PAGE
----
Almost a quarter of workers are offered no training at their workplace other than a new starter induction, according to a survey by the TUC.
Its poll of more than 3,000 adults has found that only a third of workers are offered regular training opportunities, with white-collar workers twice more likely to receive training than those in blue collar roles (40% versus 21%).
Employers in other EU countries spend double the amount UK employers do on improving workplace skills, the union claims.
The poll also reveals that many workers feel they are not listened to by managers: two-fifths (41%) said big changes were driven through without consultation, while 21% said suggestions were ignored by management.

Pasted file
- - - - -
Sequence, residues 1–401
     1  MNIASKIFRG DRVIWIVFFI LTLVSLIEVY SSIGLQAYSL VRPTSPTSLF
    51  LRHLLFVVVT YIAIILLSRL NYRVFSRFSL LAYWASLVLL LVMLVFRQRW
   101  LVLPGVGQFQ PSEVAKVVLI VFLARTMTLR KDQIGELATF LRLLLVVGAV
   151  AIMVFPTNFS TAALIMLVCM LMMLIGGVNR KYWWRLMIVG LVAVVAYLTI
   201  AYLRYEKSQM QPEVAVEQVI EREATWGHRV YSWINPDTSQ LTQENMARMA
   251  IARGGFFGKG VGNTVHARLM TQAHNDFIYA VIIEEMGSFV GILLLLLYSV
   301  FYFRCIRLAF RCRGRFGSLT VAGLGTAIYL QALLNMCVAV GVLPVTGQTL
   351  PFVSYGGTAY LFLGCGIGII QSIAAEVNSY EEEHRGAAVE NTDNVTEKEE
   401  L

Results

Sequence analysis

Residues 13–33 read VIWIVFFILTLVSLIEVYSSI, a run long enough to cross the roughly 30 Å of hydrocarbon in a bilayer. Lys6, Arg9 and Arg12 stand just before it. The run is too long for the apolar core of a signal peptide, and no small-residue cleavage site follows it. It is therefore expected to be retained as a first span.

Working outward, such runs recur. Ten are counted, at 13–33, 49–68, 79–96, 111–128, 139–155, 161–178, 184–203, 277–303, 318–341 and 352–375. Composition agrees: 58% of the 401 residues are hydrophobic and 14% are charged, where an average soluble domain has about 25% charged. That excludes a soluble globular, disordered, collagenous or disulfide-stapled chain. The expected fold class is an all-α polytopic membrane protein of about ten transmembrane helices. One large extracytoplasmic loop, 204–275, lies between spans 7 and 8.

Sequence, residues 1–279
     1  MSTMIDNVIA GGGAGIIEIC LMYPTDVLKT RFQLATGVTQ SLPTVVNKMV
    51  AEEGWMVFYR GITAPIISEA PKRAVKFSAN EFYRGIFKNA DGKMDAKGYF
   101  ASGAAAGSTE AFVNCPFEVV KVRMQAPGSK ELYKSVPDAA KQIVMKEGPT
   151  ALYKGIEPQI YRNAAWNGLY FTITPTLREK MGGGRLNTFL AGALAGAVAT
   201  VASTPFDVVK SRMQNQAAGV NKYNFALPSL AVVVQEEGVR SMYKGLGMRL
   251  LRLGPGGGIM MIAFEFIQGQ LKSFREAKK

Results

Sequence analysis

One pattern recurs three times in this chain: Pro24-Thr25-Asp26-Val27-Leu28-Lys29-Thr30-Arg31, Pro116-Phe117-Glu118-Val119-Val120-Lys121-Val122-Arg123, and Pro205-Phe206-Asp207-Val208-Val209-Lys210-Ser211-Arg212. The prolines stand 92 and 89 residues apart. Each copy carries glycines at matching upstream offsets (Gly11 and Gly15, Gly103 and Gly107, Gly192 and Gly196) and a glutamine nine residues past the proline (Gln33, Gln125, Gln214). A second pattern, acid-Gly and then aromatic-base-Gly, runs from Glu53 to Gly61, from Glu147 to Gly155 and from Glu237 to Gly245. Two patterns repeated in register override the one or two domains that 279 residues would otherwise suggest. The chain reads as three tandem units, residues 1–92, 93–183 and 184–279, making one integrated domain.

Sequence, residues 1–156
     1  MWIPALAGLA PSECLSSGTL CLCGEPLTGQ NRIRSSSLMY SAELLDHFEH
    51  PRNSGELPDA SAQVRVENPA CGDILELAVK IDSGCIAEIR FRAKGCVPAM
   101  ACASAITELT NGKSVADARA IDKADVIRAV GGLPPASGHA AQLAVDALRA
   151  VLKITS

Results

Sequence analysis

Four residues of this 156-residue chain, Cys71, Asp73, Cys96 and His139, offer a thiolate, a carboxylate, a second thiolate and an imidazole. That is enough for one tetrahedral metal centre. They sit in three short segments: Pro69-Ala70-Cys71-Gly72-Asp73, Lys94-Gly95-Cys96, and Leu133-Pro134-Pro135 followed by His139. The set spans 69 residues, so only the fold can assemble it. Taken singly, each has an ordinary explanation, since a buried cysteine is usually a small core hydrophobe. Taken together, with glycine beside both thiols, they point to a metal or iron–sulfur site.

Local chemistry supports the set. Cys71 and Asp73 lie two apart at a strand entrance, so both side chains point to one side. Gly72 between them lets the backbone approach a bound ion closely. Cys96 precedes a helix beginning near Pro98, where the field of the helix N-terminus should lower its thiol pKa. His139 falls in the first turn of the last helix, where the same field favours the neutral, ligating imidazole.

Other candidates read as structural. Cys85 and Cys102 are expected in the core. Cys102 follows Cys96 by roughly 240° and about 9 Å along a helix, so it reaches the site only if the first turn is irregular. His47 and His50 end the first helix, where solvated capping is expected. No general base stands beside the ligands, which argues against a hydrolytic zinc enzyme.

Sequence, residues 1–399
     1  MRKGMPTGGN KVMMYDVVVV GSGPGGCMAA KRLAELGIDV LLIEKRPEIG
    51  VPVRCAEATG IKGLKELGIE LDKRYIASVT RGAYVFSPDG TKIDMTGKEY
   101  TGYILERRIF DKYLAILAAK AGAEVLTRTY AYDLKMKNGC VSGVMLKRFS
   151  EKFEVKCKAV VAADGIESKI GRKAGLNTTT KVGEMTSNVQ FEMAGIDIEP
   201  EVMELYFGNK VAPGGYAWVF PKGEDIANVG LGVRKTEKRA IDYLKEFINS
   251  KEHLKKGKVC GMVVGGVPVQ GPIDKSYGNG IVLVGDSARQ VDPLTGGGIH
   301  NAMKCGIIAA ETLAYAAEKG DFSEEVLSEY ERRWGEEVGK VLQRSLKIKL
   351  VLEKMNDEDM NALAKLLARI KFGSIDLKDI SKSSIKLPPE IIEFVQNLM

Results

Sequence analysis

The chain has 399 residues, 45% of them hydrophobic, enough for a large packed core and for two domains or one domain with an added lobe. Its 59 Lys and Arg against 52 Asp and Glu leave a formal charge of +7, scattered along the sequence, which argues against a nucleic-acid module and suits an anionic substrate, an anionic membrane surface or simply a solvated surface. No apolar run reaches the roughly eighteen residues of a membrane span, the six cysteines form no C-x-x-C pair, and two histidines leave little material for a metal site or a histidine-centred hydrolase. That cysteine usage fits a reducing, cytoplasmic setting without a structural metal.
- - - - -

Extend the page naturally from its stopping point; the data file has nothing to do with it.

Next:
A fifth (22%) added that management did nothing to reduce stress in the workplace.
The TUC cites the European Participation Index, which measures worker participation at board level, on the shop floor and in collective bargaining. This shows the UK ranks 26th out of 27 EU member states.
General secretary Frances O’Grady said: “Too many people are stuck in jobs where there’s no chance to get on in life. It’s about time managers started to wake up, invest in their workers’ skills and listen to their workers’ opinions.
“Companies that train and listen to their workforces perform better and hold on to talented staff. The short-sighted approach of too many employers has blighted the UK for years. And it is stifling productivity as we head towards Brexit.”
The TUC’s survey comes just days after Government-commissioned research revealed that take-up of the right to request training had been low, meaning many organisations were not increasing investment in workplace learning.